Critics loved Top of the Lake, Jane Campion’s dark crime drama, starring Mad Men‘s Elisabeth Moss as Robin Griffin, the police detective tasked with finding out why a pregnant 12-year tried to kill herself in a freezing lake in rural New Zealand.
The series, which aired on BBC Two in the U.K. and on Sundance TV stateside, won Moss a Golden Globe for best performance by an actress in a miniseries and picked up seven Emmy nominations, including one win for best cinematography for a miniseries for lenser Adam Arkapaw.
After a long break, Top of the Lake returns this year with Moss reprising her role as Robin and joined by Game of Thrones star Gwendoline Christie in a story set four years after the events of season one. Campion is again directing and co-writing the season, titled Top of the Lake: China Girl, with Gerard Lee.
Top of the Lake: China Girl will first premiere on BBC Two in the U.K. before airing on Sundance TV and Hulu in the U.S. later this year.
The Hollywood Reporter caught up with one of the show’s producers, Hakan Kousetta, COO of television at London-based See Saw Films, at the annual BBC Worldwide Showcase in Liverpool, to take about the show’s second season, the company’s TV business and broader industry trends.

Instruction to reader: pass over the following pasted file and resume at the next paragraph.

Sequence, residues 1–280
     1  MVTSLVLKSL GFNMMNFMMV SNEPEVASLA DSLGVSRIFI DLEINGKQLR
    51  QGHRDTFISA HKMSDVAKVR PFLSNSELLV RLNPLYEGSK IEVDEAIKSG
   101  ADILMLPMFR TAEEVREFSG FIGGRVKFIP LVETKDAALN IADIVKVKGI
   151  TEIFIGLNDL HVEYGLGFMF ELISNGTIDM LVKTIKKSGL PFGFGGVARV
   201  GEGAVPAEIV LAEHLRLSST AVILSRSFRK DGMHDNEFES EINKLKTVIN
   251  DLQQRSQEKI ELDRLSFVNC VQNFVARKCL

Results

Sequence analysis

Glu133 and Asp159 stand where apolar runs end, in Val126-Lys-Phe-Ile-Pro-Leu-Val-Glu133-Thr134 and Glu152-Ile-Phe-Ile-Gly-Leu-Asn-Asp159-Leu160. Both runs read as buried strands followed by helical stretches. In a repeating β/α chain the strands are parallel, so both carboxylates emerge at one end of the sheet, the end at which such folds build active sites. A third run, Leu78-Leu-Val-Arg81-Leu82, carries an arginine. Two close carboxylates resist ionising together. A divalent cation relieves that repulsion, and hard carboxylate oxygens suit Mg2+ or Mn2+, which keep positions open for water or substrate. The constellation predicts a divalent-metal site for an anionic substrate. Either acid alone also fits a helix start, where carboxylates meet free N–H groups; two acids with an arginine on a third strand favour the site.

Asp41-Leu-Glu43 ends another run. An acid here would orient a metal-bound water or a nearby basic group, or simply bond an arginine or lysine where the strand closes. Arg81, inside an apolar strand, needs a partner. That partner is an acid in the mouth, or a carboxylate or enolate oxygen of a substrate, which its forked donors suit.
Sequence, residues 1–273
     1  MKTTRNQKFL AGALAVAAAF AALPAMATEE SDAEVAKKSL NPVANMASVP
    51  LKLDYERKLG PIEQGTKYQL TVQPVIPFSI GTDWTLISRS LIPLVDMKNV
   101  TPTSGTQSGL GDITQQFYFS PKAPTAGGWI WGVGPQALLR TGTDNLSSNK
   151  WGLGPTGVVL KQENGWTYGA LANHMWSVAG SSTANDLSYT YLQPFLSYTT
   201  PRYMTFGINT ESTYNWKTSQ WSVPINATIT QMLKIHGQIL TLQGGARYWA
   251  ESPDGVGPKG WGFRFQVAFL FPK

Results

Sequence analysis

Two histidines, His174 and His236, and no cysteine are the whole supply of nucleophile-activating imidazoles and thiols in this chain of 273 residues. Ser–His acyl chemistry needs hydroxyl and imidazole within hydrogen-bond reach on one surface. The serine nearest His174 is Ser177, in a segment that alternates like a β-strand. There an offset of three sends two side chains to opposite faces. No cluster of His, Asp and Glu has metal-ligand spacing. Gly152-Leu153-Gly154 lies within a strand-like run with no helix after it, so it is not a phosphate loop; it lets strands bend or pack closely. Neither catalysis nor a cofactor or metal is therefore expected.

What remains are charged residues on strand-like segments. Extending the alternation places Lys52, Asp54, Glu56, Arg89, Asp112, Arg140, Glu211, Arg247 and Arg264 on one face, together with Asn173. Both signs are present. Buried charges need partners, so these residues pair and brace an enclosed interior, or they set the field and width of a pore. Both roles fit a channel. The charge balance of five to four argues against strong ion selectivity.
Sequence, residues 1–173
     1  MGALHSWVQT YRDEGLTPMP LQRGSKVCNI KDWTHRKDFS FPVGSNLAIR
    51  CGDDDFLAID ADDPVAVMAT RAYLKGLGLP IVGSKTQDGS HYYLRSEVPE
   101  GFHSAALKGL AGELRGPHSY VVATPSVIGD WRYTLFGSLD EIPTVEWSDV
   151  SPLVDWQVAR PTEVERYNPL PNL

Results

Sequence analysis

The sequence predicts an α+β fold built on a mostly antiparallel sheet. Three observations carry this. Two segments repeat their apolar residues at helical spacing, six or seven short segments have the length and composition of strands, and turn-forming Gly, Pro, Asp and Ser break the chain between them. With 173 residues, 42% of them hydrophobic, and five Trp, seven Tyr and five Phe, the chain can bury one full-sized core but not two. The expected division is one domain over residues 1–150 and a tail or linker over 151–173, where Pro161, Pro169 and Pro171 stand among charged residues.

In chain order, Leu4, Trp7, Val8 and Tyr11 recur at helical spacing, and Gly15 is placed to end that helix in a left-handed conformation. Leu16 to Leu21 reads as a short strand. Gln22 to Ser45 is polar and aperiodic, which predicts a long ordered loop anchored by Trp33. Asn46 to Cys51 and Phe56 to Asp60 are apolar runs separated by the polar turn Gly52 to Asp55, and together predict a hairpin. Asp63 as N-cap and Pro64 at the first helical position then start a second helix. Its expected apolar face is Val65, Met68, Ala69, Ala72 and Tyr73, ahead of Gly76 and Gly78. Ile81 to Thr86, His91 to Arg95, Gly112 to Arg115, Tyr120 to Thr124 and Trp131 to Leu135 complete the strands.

You guys have disclosed very little about the second season of Top of the Lake. What can you say about it?
We don’t want to ruin it for the audience. It’s a [season] that you can watch without having seen [season] one. It will be better if you have, because certain parts of the story carry over. I think it’s a more accessible show [than season one], even though there is debate about that. But I just met with our French broadcasters and one of them said it’s so much darker than the first one, but another said oh no, it’s not. It’s still very much a Jane Campion piece of work, and you can tell that instantaneously. She has carried on the themes of motherhood, which was a big part of the first [season] and is explored in much more depth in the second one. It’s about what it means to be a mother in the 21st century in both the Western and non-Western sense.
It’s a traditional story, a murder investigation, and then there’s also a family drama, and then they come crashing together. It’s very complex and challenging and brilliantly rendered.
Why is the new season moving to Australia after the first season in New Zealand?